Ah Blackpool - home of the famous tower, the illuminations, sticks of rock and, of course, kiss me quick hats. It's an unlikely destination for one of rock's most visceral live acts, but Blackpool's Empress Ballroom has always attracted top quality bands and this DVD is a recording of Jack and Meg White's show there in January 2004.
Live DVDs always struggle to match the sheer excitement of being at a gig - Under Blackpool Lights attempts to tackle this problem by staying true to White Stripes ethos and concentrating purely on the music. There's no special features, no director's commentary and no multi-angle option - just the sight and awesome sound of the Whites on absolute top form.
Visually, the DVD looks wonderful. It's filmed on hand held Super 8 cameras which gives the picture a rough, grainy feel, staying in line with the band's retro ethics. It also looks very cinematic (in fact, the DVD had a short cinema run immediately prior to its release) and actually does come close to capturing the thrill of a White Stripes gig. The sound too is mindblowing, with a neighbour-annoying DTS option, there's an irresistible temptation to turn this up very loud to gain the full effect.
The concert itself is absolutely superb. The first 15 minutes are worth the price of the disc alone, as Jack and Meg effortlessly stride through the first eight numbers, segueing expertly from Black Math to Dead Leaves In The Dirty Ground and throwing in snatches of blues classics like Jack The Ripper and Astro Blues. The whole thing sounds exhilarating and it comes as quite a surprise when they eventually stop playing for a quick breather.
The set consists of highlights from all four albums (although there is less emphasis on Elephant than you would think), plus the odd cover version such as their extraordinary version of Jolene, which is sung along to with gusto by the crowd, and the traditional closer of De Ballet Of De Boll Weevil. It's the original material that's the real highlight though, with the selections from De Stijl sounding particularly exhilarating, especially You're Pretty Good Looking and Hello Operator.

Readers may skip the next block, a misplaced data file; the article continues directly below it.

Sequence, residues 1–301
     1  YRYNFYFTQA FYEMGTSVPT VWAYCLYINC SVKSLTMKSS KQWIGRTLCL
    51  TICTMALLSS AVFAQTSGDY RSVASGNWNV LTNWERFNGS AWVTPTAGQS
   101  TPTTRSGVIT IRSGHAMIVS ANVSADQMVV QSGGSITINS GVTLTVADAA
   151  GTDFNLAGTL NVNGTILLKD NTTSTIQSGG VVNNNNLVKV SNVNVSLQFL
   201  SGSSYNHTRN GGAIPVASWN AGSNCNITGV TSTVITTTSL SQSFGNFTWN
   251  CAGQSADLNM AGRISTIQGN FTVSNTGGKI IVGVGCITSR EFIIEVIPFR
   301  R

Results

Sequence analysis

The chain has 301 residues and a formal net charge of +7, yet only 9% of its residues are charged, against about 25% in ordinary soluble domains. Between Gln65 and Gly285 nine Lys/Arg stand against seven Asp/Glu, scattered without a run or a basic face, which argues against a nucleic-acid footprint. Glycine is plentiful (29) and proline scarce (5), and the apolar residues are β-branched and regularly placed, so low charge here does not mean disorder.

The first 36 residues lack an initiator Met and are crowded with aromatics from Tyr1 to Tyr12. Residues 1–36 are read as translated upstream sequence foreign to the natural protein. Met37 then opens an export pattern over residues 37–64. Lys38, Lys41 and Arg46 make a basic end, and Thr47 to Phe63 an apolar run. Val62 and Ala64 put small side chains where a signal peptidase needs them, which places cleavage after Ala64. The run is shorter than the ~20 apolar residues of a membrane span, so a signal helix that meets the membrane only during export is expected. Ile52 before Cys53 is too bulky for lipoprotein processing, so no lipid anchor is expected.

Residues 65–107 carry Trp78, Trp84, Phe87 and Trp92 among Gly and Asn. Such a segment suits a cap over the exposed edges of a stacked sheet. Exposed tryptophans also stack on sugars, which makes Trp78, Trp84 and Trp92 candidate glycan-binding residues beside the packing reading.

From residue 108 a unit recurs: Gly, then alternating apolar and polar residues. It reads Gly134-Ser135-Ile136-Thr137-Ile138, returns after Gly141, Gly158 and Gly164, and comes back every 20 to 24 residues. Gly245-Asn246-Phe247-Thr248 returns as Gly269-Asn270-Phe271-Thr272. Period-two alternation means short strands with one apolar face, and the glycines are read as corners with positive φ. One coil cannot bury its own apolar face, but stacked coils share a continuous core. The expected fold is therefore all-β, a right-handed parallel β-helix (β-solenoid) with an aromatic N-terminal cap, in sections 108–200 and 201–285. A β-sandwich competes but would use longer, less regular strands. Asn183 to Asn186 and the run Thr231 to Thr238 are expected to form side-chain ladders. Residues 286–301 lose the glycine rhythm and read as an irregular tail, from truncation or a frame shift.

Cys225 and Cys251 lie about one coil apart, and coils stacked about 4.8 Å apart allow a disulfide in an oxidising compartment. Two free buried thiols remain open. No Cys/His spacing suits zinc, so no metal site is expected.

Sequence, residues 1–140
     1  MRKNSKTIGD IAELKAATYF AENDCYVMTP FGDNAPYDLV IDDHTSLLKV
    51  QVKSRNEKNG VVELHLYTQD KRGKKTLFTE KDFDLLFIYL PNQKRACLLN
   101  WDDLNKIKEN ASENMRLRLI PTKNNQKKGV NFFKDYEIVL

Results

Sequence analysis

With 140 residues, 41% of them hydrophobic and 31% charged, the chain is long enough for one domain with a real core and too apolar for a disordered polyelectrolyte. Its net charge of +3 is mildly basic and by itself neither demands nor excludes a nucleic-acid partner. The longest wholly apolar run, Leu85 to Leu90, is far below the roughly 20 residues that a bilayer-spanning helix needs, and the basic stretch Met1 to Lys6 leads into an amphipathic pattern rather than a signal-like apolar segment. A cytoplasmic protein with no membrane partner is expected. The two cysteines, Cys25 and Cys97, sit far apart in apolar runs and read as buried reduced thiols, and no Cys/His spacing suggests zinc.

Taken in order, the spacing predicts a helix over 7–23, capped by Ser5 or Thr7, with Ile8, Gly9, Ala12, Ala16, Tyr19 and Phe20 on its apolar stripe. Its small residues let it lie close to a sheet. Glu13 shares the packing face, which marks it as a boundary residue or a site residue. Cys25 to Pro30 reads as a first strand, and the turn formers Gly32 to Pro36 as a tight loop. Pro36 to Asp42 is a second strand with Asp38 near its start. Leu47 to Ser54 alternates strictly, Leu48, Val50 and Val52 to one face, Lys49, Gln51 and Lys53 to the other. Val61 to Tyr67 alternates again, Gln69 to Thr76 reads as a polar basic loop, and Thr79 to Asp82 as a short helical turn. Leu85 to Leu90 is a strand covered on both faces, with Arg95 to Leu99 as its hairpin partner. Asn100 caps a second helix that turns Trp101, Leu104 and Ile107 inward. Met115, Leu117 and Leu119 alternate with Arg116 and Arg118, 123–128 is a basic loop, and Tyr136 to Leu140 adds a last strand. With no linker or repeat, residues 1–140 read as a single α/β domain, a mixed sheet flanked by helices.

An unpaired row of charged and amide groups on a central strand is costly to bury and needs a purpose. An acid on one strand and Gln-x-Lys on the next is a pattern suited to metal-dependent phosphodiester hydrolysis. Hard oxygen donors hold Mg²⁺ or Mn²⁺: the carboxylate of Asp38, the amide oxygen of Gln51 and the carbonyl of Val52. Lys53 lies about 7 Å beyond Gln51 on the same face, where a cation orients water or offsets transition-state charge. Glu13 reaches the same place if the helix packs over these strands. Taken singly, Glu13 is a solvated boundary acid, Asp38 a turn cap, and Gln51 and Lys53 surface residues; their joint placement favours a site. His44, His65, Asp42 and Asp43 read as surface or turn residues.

The camerawork allows the viewer to appreciate just how good musicians the Whites are - Jack's skills as a guitar player are confirmed here in a tour de force performance. His array of solos during Ball And Biscuit are impossibly exciting, even when sat in the comfort of your living room and he even proves a dab hand at the piano, on the rendition of Truth Don't Make A Noise. Meg White has her detractors but is actually hugely under-rated, even smashing her way through Let's Make Friends using only her right hand.
The DVD (tastefully packaged of course in only red, black and white) comes with a handy booklet which gives a little potted history of each song and which album the original version can be found on. The only criticism that could maybe be levelled is the lack of tracks such as Fell In Love With A Girl and There's No Home For You Here - but this seems churlish when compared to the sheer quality of what is on offer here.
Under Blackpool Lights isn't quite in the same league as other concert films such as Talking Heads' Stop Making Sense, but it will certainly satisfy fans desperate for any new material from one of the best bands around at the moment.